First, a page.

Temple Chima UbochiSunday, October 2, 2011
Bonn, Germany



The love we give away is the only love we keep (Elbert Hubbard)

There is no remedy for love but to love more (Henry David Thoreau)


his writer wants to talk, through this column, to the ordinary Nigerians, members of his constituency, on this Nigeria’s 51st independence anniversary. In the midst of all these hardship, hopelessness and despair, something beautiful still remains for us and they’re: the lives we live and the love we share! Just as Rosemonde Gerard (5 April 1871 – 5 April 1953), who was a French poet and playwright, said “for you see, each day I love you more, today more than yesterday and less than tomorrow”. While those feeding off of Nigeria as it’s now see every reason to celebrate this fake independence, let’s celebrate life; let’s be thankful that we’re still alive and healthy. No matter how rough it’s now, look forward to a better tomorrow, I advice you to “count the garden by the flowers and never by the leaves that fall. Count your life with smiles and not the tears that roll”. We should still count our blessings one by one! Let’s not forget as St. Augustine (November 13, 354 – August 28, 430), who was Bishop of Hippo Regius (present-day Annaba, Algeria), wrote that “God loves each of us as if there were only one of us”. No matter our sufferings, let’s learn a thing or two from it, just as Winston Churchill said that “we shall draw from the heart of suffering itself the means of inspiration and survival”.

Let’s not forget that joy and pain are part of life and we can’t run away from that fact just as Max Lerner (December 20, 1902—June 5, 1992), who was an American journalist and educator, wrote that “the turning point in the process of growing up is when you discover the core of strength within you that survives all hurt”. Whatever we’re going through now should make us a better and stronger person as the difficulties of life are intended to make us better, not bitter. John Vance Cheney (December 29, 1848 – May 1, 1922), who was an American poet, essayist and librarian, was right when he wrote that “the soul would have no rainbow had the eyes no tears”. Life is beautiful no matter the odds and if we persevere, we would at last see the beauties inherent it (in life), just as Friedrich Nietzsche (1844-1900), who was a German philosopher, wrote that “he who has a why to live can bear almost any how”. Also, Agatha Christie (15 September 1890 – 12 January 1976), who was a British writer of novels, short stories and plays, wrote “I have sometimes been wildly, despairingly, acutely miserable, but through it all I still know quite certainly that just to be alive is a grand thing”, and, Katharine Hepburn (May 12, 1907 – June 29, 2003), who was an American actress, said “I never lose sight of the fact that just being is fun”.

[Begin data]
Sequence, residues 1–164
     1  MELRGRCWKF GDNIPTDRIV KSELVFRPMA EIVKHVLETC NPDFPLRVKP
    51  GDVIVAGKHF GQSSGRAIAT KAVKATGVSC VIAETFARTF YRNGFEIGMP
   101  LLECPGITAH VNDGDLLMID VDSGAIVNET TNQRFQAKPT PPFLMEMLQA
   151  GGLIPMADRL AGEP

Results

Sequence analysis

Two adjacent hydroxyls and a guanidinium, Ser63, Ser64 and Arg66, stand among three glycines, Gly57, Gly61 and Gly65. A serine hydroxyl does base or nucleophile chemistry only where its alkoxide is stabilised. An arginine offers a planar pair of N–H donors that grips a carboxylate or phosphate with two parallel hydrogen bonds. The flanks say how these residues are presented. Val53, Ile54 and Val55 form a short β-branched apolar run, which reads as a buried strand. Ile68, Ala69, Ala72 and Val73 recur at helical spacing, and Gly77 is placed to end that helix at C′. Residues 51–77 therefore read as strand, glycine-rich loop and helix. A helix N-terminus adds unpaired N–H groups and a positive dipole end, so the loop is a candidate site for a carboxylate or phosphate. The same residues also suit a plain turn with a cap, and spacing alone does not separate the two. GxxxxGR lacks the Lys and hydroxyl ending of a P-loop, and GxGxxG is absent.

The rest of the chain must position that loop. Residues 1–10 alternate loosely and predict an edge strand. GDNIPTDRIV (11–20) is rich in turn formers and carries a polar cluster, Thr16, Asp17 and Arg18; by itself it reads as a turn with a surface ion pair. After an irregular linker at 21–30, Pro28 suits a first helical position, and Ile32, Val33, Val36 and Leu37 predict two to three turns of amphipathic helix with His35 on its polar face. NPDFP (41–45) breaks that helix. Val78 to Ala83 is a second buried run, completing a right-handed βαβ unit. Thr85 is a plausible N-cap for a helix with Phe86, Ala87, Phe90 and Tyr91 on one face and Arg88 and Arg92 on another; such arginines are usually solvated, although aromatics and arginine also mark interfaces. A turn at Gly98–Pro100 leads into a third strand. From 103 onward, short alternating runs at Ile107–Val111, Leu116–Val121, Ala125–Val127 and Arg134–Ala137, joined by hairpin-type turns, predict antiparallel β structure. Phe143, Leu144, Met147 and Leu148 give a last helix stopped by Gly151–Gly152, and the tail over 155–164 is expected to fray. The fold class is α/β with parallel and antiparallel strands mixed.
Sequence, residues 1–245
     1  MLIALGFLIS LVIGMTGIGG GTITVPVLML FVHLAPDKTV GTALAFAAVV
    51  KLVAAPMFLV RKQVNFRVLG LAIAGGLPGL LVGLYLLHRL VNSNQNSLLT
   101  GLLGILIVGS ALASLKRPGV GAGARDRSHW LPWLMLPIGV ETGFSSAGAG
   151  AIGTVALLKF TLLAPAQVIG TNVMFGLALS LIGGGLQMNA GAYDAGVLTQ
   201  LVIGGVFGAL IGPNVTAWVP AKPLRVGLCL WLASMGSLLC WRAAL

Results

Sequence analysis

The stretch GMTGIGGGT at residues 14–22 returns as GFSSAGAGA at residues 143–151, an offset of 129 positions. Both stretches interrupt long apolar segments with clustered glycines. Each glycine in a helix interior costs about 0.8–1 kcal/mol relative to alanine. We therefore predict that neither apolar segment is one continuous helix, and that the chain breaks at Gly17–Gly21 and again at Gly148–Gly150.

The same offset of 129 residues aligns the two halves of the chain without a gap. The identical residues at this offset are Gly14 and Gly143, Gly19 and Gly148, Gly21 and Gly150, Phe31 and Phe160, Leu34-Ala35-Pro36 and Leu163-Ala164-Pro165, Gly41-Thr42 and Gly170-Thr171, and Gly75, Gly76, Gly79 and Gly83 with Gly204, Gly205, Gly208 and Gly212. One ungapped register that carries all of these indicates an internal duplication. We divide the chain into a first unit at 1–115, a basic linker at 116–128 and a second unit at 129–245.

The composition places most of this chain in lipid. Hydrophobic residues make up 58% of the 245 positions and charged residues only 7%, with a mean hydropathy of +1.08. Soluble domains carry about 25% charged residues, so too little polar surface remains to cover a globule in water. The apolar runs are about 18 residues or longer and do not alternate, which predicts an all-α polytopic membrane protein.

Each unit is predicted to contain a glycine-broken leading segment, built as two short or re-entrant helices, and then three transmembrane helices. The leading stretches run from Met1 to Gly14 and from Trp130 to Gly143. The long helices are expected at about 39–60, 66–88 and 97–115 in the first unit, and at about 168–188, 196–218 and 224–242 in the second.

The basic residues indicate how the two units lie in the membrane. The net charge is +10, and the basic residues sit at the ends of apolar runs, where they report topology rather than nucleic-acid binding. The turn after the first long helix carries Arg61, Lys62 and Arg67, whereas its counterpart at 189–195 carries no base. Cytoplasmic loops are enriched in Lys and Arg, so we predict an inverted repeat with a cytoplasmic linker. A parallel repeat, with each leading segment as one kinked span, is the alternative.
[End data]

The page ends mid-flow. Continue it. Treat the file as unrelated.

My friend (my reader), this column is advising that you take life in a stride, no matter what! Although pain is inevitable in life, but, what’s important is how we handle it, as Kenji Miyazawa (27 August 1896 - 21 September 1933), who was a Japanese poet and author of children's literature, wrote that “we must embrace pain and burn it as fuel for our journey”. Ron Lee Davis also wrote “in this life we will encounter hurts and trials that we will not be able to change; we are just going to have to allow them to change us”, and, Arthur Golden (born on June 6, 1956), who is an American writer, meant that “adversity is like a strong wind. It tears away from us all but the things that cannot be torn, so that we see ourselves as we really are”. Winston Churchill said “if you're going through hell, keep going”, and, Flavia Weedn said “If one dream should fall and break into a thousand pieces, never be afraid to pick one of those pieces up and begin again”.